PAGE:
New to the world of video production and unsure what gear to buy? Our guide to the five best options in three categories will get you started.
These NLEs have certain features limited, but still provide a great solution for the aspiring videographer. They're good for those on a budget or keen to edit quickly, but be sure to check compatibility with your camera's shooting format.
- 1. Adobe Premiere Elements 9 (£78$99): Windows only. Easy entry into video editing with simplified, clean workflow. No window for trimming footage; no 24P support; less native codec support than Premiere Pro; no batch capturing.
- 2. Apple Final Cut Express 4 (£99$199): Supports DV, HDV and AVCHD; interface similar to Final Cut Pro. AVCHD must be transcoded; no timecode or batch capture; shorter Undo list.
- 3. Avid Pinnacle Studio 14 HD (from £40$49): Consumer software. Supports HDV, DV and AVCHD editing. Editing layout is simplified when compared to Media Composer, but can create a decent edit.
- 4. Edius Neo 3 (from £182$199): Similar to full version; handles many formats including AVCHD. Most omissions, such as 2K and 4K editing, relate to pro-level production.
- 5. Sony Vegas Movie Studio 10 (from £43$39): Provides an editing environment close to that of a professional NLE, yet feels very DAW‑like in operation. Limitations include only four video tracks and two audio tracks.
Each camera has pros and cons depending on what you want to capture. Bodies with interchangeable lenses give more creative options, but are less convenient than fixed-lens models. Prices are list, but some of these are well established and can be bought for less, or hired for short shoots.
- 1. Canon 550D (£779$799, body only): Lowest-cost DSLR for capturing 1080p video. Many interchangeable lenses are available and shallow depth of field is easily created. Be sure to research useful accessories.
- 2. Canon XF100 (£2799$2999): A fixed-lens camcorder recording to a broadcast-quality 4:2:2 MPEG2 codec, the XF100 is small but very powerful.
- 3. JVC GY HM100 (£2299$3995): The diminutive HM100 is a great option for Apple Final Cut users: it records in a .mov file container ready for editing.
- 4. Panasonic AG HMC40 (£2011$3195): Panasonic's little AG HMC40 records 1080p footage directly to SD cards in AVCHD format, sharper than HDV. Lightweight, three-sensor cam.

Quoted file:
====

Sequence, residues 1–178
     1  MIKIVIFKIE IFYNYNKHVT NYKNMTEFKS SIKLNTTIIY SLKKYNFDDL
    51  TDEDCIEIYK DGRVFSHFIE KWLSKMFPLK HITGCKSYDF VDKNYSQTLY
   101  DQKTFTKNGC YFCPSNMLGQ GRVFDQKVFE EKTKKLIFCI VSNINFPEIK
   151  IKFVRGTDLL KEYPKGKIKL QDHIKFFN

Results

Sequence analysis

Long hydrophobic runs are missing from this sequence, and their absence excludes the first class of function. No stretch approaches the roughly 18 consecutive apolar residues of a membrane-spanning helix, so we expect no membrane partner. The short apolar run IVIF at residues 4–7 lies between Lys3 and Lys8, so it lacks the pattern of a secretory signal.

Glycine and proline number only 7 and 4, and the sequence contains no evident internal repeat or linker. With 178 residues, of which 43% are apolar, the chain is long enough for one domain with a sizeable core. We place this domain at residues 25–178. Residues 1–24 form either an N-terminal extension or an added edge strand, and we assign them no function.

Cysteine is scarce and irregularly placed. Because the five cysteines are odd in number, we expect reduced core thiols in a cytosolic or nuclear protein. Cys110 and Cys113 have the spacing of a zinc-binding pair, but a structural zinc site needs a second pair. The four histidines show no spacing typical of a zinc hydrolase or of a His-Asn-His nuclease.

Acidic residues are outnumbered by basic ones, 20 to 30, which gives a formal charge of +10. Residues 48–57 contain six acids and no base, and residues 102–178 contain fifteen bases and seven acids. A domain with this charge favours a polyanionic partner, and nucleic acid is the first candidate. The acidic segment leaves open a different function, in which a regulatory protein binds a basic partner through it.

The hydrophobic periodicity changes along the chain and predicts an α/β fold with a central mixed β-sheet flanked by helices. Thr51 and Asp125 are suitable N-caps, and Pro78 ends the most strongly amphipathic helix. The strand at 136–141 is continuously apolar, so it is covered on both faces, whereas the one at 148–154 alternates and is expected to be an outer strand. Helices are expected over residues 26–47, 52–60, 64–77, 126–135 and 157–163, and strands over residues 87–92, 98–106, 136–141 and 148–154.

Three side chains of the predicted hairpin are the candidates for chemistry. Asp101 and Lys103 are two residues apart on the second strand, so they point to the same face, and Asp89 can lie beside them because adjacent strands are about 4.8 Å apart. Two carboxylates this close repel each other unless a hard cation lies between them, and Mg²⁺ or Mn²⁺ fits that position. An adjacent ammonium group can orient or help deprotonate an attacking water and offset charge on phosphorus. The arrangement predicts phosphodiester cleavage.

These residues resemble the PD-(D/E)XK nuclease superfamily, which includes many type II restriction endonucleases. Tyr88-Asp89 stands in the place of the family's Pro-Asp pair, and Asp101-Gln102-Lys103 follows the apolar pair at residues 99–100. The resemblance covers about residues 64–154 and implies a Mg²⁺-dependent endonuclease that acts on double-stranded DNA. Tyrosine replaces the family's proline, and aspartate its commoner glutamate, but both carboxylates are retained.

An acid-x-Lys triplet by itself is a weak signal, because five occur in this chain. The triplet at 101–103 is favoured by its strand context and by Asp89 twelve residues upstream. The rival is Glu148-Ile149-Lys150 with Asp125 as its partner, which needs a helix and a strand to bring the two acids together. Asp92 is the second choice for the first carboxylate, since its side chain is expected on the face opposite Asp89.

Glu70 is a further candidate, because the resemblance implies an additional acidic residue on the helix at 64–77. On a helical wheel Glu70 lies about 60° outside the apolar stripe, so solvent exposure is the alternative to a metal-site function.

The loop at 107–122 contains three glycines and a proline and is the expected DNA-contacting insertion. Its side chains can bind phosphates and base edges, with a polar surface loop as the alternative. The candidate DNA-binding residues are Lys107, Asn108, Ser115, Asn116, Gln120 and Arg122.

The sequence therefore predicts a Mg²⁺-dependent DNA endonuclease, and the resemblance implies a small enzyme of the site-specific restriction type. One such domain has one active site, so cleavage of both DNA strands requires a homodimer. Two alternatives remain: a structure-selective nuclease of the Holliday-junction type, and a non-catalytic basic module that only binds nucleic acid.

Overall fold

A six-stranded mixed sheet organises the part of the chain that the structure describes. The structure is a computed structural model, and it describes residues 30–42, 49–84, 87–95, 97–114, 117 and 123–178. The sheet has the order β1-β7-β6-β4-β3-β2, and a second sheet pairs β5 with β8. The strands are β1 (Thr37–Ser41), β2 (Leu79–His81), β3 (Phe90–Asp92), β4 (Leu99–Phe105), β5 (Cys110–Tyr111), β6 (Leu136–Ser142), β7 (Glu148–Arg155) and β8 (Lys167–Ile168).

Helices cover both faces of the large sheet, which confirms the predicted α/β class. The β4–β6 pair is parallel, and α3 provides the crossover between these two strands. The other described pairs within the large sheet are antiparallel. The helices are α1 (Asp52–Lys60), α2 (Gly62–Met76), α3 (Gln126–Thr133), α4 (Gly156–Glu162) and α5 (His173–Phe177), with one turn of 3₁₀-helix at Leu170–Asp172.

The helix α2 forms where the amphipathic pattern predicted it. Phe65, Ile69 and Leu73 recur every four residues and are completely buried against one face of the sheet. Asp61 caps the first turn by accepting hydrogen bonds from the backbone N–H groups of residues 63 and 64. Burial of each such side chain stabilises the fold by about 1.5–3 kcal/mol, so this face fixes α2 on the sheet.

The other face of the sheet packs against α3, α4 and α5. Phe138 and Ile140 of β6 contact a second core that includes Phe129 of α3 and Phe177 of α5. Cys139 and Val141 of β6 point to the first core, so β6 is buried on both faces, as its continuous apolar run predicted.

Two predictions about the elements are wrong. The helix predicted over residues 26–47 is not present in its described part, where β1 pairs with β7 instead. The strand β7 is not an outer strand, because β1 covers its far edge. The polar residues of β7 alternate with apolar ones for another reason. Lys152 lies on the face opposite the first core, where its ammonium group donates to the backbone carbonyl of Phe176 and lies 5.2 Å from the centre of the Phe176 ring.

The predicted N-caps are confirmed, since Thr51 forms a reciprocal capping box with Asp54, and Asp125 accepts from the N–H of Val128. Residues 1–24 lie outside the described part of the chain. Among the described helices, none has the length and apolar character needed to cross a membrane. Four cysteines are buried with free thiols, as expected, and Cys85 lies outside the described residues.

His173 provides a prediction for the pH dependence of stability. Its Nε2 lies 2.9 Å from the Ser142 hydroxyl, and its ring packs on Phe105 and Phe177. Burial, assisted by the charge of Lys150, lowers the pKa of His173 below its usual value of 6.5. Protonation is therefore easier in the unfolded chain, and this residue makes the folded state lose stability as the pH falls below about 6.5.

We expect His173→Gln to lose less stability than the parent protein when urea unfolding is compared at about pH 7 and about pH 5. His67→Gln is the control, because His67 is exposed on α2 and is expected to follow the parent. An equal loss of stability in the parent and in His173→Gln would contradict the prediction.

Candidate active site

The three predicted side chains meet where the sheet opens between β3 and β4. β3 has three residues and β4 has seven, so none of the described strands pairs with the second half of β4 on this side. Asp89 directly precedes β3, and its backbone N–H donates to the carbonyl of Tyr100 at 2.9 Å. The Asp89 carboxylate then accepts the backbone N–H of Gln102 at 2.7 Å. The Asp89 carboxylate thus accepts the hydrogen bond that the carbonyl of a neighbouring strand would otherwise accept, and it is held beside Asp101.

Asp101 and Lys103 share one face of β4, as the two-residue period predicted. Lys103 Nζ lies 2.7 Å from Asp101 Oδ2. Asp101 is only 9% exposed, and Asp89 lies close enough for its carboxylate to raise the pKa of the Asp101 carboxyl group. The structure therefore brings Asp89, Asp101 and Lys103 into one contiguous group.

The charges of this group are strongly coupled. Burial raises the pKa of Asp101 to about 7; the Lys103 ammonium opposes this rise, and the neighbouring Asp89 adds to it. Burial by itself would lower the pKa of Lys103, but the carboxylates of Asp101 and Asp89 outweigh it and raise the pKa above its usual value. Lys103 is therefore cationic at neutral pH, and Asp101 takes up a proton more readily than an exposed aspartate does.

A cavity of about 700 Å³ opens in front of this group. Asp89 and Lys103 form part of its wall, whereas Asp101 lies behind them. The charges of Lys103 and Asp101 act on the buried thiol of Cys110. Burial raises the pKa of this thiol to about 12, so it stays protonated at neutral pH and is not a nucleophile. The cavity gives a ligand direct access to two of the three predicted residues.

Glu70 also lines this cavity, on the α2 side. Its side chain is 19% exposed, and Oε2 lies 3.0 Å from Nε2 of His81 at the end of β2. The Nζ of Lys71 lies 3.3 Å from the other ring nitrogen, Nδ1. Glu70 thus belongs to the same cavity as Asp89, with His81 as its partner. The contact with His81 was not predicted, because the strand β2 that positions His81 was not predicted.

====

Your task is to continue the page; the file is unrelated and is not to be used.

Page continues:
- 5. Sony NEX VG10 (£2000$1,999): Shoots progressive 1920 x 1080 HD footage in interlaced files. Compact camcorder with large, DSLR-style APS-C sensor and interchangeable lenses.
Camcorders and DSLRs aren't the only way to capture digital video. Here are five portable video devices that will slip into your pocket and let you capture footage out and about. These are ideal for those wanting an easy way to shoot with no need to learn menus and settings.
- 1. Aiptek ActionHD GVS (£169$249): Mini camcorder from the US with flip‑out screen and 5X optical zoom, shooting 1440 x 1080p and 720p to SDHC card. Records 30fps only, but a low price for the features.
- 2. Flip Mino HD (£89$229): Popular pocket‑sized 720p video recorder, runs for around two hours on a fixed internal battery. Recording at 30fps, shooting to 8GB internal memory only. There's a handy USB connector built in.
- 3. GoPro HD Hero (from £199$269): Unique action camera shooting at up to 1080p, 30fps. Comes in kits to attach it to helmets, cars and surfboards! Waterproof casing and wide‑angle view make it a versatile piece of gear, shooting to SDHC card.
- 4. Kodak Zi6 (£99$159): Kodak's portable recorder shoots 720p footage and sports a large 2.5‑inch screen. Shoots at up to 60 frames per second to SDHC, allowing for sharp slow‑motion video.
- 5. Zoom Q3 HD (from £199$199): The only portable video recorder with a clear focus on audio quality, offering stereo 24‑bit WAV recording at 48kHz, at SPLs up to 130dB. HD version offers 1080p/30 video.